Norman Hutchinson, from Calcutta to the World

AN ELGIN EXCLUSIVE FEATURE BY SURABHI SUNIL

A list of the most distinguished former students of Dr Graham’s Homes in Kalimpong would not be complete without the name, Norman Douglas Hutchinson. Born on October 11 1932, in Kolkata, Norman was brought to the home when he was still an infant and continued his stay there for the next 15 years.

Image by Myron Taplin, The Telegraph
If a young girl wins your heart and you be young also, the image of you both shall forever remain the same, and even though many years go by, you see each other the way you were when you first met…” With these eloquent words, taken from Friedrich Schiller, Norman Douglas Hutchinson begins the preface to one of his most famed works of art, Gloria.

The young Norman spent his formative years showing incredible talent in the arts and repeatedly draining swimming pools to avoid the activity. Though he was never caught for the latter, the former was quite evident to everyone. Displaying a talent for drawing and painting early on, soon enough he could be found sketching anyone he laid eyes on.

After leaving the Homes in Kalimpong, Norman Hutchinson moved to Kolkata to try a hand at being an Industrial Designer. Aged 25, with his wife Gloria he moved out to London. Hutchinson’s first breakthrough came with a portrait of Gloria playing a flute being exhibited at the Royal Academy Summer Exhibition in 1963.

With a family to support Hutchinson was forced into commerce. Norman and his wife moved to London where they started a successful design company. He started a small engineering business, specializing in bespoke electrical parts. In his autobiography, A Hand to Obey the Demon’s Eye (2000), Hutchinson describes these years, during which his family battled to make its way, as the happiest period of his life.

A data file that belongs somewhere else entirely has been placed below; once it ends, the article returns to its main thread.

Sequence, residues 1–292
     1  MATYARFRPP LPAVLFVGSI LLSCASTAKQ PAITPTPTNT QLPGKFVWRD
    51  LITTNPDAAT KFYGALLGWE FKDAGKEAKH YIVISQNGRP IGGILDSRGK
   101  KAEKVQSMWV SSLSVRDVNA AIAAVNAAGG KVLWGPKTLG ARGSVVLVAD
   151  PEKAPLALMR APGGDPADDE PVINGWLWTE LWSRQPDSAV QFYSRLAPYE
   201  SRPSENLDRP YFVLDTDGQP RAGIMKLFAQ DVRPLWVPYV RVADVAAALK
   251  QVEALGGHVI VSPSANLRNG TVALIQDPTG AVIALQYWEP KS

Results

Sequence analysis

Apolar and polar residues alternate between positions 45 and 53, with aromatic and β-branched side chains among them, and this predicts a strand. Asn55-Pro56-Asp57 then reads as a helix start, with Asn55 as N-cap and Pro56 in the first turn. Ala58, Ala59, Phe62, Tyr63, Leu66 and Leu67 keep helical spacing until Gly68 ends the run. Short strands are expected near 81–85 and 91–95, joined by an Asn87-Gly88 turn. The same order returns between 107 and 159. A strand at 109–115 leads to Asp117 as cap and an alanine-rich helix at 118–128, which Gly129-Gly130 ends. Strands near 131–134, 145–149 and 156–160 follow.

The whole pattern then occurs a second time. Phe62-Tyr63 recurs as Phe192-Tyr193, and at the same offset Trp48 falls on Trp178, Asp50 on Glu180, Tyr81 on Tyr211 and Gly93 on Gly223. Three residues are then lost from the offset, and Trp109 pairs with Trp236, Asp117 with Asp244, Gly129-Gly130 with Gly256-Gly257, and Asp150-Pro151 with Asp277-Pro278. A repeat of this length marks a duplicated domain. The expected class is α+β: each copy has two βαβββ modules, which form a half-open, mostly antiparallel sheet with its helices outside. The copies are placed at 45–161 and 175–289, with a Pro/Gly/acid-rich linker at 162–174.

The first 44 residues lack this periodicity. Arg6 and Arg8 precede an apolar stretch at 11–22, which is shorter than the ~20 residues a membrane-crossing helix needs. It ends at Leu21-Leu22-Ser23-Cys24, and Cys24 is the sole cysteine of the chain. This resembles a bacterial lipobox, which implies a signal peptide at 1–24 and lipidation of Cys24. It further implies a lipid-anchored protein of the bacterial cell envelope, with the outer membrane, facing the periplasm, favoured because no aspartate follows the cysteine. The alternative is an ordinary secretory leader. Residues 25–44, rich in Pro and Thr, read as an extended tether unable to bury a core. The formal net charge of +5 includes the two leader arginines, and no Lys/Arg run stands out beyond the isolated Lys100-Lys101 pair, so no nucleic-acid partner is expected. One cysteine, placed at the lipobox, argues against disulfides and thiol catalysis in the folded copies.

Painting by Norman Hutchinson, Tanya Baxter Contemporary (Artsy)

When asked about the portrait of Queen Elizabeth II, Norman responded with his friend’s words, “A friend said to me that it would go down in history as the only painting to match Holbein’s painting of Henry VIII. I said he was flattering me but he said he believed that.”

By the 1980s the portrait commissions came to include the Royal family. Upon being asked to paint the Queen Mother, he requested her to wear the famous Kohinoor diamond, as she had been the Empress of India after all. It was this painting that elevated his fame and fortune to an extent.

The couple returned to India after 27 years in 1988, after which they frequently visited. They would religiously make the long trip down from Morocco at least once a year. Both Norman and Gloria actively took part in and contributed to renovations and constructions at Dr Graham’s Homes. In 2008, Norman funded the restoration of the Chapel at Lucia King, the baby’s cottage where he was put 75 years before is now named after Gloria. The couple’s undying love and respect for the homes reflected in their generosity with these projects.

Image by Rashbehari Das, Telegraph India

Norman’s greatest satisfaction was his portrait of Maharani Gayatri Devi. ” This grand lady was extremely charming and sweet. I met her for an entire day and simple looked and looked and looked. What was most striking was not a single feature but the sum total of them all that equalled the fantastic, exemplified in her dignity and presence, of beauty and royalty. It seemed that royalty had been bestowed upon her by God.”

Norman and Gloria made a life for themselves from scratch and whatever fame and fortune they acquired is a testament of their persistence and hard work. Norman’s portraits are now famous all over the world. The prized ones are portraits of the Queen Mother, who posed for five sittings, and Queen Elizabeth herself. Several world leaders, including Pundit Jawaharlal Nehru and Prince Philip, have had their portraits painted by Norman Hutchinson.

Norman died on the evening of 24 June 2010 at his home in Marrakesh, Morocco. Gloria Hutchinson continues to receive guests with a radiant smile and great pleasure at Dar El Mudal, the home created by her and Norman together